• Tighten focus on the emotional aspects of CX. Emotion, rather than ease or effectiveness, is the most important dimension of CX-driven loyalty across industries. However, when budgets are tight, organizations often make cuts that degrade the emotional quality of the experience, such as by slashing their contact centers. This destroys a vital connection for customers, who are more likely to feel vulnerable during tough times, and it hurts CX-driven loyalty for both B2C and B2B brands. CX leaders should preserve experiences that create positive emotions — especially in fraught customer support journeys. For example, they can clear the barriers that prevent contact center agents from being emotionally present for customers. CX leaders should also identify digital interactions that help create emotionally positive experiences and learn how to make other digital interactions just as emotionally resonant. In virtually every vertical in our Customer Experience Index (CX Index™), experiences are emotionally better when they combine both digital and non-digital interactions.
  • Invest in critical data, design, and journey skills. These skills are “accelerants” that help CX teams understand, improve, and manage the customer experience — and ultimately elevate teams’ impact. The 80% of CX teams that we predict will lack these skills in 2023 will remain stuck on basic find-and-fix work, unable to help their organizations innovate to thrive in a tough business environment. CX leaders who are hiring in 2023 should prioritize candidates with these skills. CX leaders who aren’t hiring but whose teams lack these skills should help current employees develop them. Even without training budget, CX leaders can provide time for employees to use free resources. These include data science courses offered by MIT and other universities, design thinking courses from IBM and other providers, and certification courses that are part of the Forrester Decisions service. Regardless of budget status, CX leaders must deepen their teams’ commitment to steer the insights-to-action lifecycle; apply a design framework and develop a design practice; and evolve to lead a journey-centric organization.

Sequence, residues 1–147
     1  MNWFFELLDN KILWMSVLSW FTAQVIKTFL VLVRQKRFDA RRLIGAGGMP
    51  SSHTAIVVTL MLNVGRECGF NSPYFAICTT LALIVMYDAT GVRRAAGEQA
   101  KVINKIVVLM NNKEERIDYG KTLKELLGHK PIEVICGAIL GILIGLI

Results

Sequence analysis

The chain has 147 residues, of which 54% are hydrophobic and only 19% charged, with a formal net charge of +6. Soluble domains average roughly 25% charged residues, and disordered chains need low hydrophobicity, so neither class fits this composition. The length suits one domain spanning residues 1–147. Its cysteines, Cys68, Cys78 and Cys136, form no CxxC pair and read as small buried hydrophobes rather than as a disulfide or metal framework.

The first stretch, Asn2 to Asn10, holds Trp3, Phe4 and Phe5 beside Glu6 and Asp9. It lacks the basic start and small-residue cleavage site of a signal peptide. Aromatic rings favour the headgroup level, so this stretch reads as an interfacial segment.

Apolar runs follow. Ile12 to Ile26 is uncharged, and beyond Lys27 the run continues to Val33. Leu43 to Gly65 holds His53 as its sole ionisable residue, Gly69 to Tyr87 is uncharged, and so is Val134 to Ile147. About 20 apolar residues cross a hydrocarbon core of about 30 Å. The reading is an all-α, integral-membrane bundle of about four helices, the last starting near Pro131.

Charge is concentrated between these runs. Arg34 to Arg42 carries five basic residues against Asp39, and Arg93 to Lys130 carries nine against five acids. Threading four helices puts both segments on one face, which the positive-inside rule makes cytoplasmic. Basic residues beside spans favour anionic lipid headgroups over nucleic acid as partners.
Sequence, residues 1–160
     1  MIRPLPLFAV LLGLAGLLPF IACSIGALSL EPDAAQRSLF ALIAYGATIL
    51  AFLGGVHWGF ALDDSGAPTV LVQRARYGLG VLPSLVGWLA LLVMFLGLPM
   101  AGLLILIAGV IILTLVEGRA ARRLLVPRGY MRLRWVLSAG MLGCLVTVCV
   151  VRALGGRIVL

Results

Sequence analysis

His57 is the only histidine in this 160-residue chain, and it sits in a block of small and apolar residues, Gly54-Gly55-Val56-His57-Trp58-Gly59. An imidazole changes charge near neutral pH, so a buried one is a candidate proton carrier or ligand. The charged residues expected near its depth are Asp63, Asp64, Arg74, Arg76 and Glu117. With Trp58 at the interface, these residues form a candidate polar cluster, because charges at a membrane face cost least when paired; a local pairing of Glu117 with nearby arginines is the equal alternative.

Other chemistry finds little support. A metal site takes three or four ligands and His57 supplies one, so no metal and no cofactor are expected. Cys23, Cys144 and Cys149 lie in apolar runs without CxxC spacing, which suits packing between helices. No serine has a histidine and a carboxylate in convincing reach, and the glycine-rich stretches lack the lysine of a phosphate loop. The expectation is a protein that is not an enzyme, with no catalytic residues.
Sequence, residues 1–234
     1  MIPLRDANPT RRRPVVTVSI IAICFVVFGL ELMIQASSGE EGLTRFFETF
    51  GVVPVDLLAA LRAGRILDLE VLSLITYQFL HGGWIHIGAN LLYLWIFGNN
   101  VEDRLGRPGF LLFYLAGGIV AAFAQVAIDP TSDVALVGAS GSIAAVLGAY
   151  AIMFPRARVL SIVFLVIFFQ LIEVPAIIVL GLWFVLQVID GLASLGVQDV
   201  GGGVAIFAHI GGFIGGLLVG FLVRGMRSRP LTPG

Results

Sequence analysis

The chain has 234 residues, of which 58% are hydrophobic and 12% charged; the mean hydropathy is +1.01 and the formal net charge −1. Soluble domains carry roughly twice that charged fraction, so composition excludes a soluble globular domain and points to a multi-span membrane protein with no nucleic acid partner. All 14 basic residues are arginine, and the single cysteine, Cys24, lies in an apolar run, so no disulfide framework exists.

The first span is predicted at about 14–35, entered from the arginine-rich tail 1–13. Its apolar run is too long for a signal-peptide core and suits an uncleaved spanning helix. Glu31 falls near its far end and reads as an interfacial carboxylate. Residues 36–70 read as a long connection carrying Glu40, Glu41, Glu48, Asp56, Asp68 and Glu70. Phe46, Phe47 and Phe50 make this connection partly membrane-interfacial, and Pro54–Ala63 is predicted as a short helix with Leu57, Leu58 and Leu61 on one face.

• Become the ultimate utility player. As layoffs and restructurings mount in other parts of organizations and some CX projects are put on hold, CX leaders should find opportunities to use their teams’ skills beyond the usual scope of CX work. This will deepen CX teams’ value to their organizations and cement their place at the center of future customer obsession transformations. For example, CX teams can: 1) use their journey mapping and service design skills to help new or restructured teams develop workflows and collaboration strategies; 2) use measurement skills to help other teams develop measurement architectures specific to B2C, B2B, and B2B2C companies; and 3) analyze consumer behavior to help colleagues in product and marketing reduce the risk of launching new products and entering new markets. CX teams can also provide indirect help by mobilizing CX champions to regrow lost connective tissue and ensure that the organization functions smoothly until everyone finds their new footing.